• Use Canvas clipRect to help the system recognize the visible area of the custom control, and areas outside the visible area are ignored when drawing. Another important method is quickRejectIt controls if the given area outside of the drawing is or not.
  • Another thing to improve the Overdraw is to reduce the number of transparent objects you render. Visual effects like transparent animations, fade-outs, and drop shadows all involve transparency, and can, therefore, contribute significantly to overdraw. Try making the text a solid color and using transitions that don’t use alpha, such as wipe transitions.

 4. Refresh rate & frame loss

We all know Android system redraws the activity every 16ms, which means that your app must complete all the logical operations of the screen refresh within 16ms, So, that it can reach 16 frames/s. However, sometimes your program will have such a situation where your logical operation exceeds 16ms. At this time the frame loss will occur and a user sees the update picture within 32ms. Let’s see with an example:

I’m sure every one of us uses the Geocoder class to reverse geocode the latitude and longitude. Now if we try to convert the coordinates into readable place name from UI thread our thread will be blocked and we’re not able to interact with the UI until the response came.

class MainActivity : AppCompatActivity() {

    override fun onCreate(savedInstanceState: Bundle?) {
        toastButton.setOnClickListener {
            Toast.makeText(this, "Button Click", Toast.LENGTH_SHORT).show()
        val adresses = geoCoderValue.value.getFromLocation(31.485082, 74.319705, 1)
        placeNameTextView.text = adresses[0].getAddressLine(0)

In the above code, we have got a Button and one TextView also inside the onCreate method, I’m trying to reverse geocode the coordinates. You see when the response came from Geocoder we’re setting the result inside the text view and on a button click show a Toast.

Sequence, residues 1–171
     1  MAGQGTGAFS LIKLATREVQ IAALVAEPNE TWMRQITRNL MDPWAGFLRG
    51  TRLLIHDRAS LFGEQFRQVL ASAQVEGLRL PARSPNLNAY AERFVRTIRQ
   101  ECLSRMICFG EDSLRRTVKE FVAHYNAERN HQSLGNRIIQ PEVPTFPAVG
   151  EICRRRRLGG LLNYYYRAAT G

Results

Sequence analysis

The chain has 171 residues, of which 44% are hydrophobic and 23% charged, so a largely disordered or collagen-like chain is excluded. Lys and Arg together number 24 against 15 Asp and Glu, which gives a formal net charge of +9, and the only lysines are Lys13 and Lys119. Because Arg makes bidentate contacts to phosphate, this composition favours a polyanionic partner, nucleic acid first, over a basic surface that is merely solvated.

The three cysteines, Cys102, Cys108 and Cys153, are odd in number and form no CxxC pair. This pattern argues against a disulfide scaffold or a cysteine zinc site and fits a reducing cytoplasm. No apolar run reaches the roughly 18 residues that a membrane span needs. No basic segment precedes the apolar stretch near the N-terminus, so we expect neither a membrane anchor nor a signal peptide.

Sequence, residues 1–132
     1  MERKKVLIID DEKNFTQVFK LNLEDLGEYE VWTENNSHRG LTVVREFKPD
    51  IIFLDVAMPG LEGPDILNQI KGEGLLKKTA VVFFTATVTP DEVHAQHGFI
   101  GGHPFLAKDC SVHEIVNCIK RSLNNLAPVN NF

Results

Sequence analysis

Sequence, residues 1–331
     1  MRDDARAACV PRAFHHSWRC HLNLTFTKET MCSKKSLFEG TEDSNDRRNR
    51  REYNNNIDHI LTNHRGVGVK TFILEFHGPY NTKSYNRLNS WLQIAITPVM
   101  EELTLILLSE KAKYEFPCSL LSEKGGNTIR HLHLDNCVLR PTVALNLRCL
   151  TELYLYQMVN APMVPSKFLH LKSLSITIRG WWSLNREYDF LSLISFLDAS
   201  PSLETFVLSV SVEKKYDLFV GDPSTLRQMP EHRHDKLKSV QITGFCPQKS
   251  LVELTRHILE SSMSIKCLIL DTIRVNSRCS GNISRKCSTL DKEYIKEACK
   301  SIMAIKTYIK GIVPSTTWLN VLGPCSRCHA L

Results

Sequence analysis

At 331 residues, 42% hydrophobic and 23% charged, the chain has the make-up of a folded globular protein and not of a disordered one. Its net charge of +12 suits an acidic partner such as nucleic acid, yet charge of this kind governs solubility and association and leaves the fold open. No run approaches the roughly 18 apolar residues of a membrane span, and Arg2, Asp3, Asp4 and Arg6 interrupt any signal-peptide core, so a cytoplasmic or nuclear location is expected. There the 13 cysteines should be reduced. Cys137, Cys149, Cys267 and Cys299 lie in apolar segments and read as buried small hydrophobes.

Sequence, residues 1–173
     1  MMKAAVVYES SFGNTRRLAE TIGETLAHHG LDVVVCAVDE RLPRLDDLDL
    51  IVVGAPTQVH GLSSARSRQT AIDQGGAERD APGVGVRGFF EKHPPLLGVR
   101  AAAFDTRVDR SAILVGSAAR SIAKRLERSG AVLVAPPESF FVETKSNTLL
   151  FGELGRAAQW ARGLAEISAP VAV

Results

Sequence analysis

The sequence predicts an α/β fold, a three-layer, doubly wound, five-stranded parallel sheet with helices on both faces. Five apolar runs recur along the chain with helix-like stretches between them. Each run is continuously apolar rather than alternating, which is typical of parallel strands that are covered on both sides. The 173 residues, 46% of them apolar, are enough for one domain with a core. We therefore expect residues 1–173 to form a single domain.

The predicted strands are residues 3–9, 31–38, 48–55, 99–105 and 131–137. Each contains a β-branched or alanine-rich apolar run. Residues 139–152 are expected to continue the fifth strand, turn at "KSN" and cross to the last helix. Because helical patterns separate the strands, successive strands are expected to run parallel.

Now when you launch the above application immediately try to click the button you’ll notice a latency in showing the Toast and this caused, the user seeing the Toast after 32ms instead of 16ms.Dropped frame image

Actually, we need to call the getFromLocation method inside the worker Thread and we’re good! There are other things which will cause the application to slow down like bulk insertion in SQLite, parsing big data inside UI thread, Bitmap transformations etc. So, try to avoid tasks which blocks the Main Thread.

5. Flatten the view hierarchy to reduce Nesting

Along similar lines, the layout should not be deeply nested, in terms of parent and child layouts. The Android Developer team recommended keeping layout under 10 deep levels. If you find yourself continually making a very deep layout, try Relative Layout it is easier to reduce the view level than Linear LayoutNest Layout Example

The nested layout warning will typically be accompanied by warnings of possible useless layout widgets that can help assist in finding which layouts to remove, short of a full redesign of the screen layout. Keep your layout level flat as much as possible to avoid duplicate nested layouts.

There’s a great article on layout comparison by Piotr Krystyniak go and check it out.

Alright, guys, this was my demonstration about Android Layout Performance Optimization. Anything which I miss in this article please let me know via comment.

Thank you for being and here and keep reading…


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I’m a mobile product devsigner (i.e. I consider myself as both a developer and a designer) and user experience/interface engineer. I’m an expert on the Android platform and have been recognized as it by the community.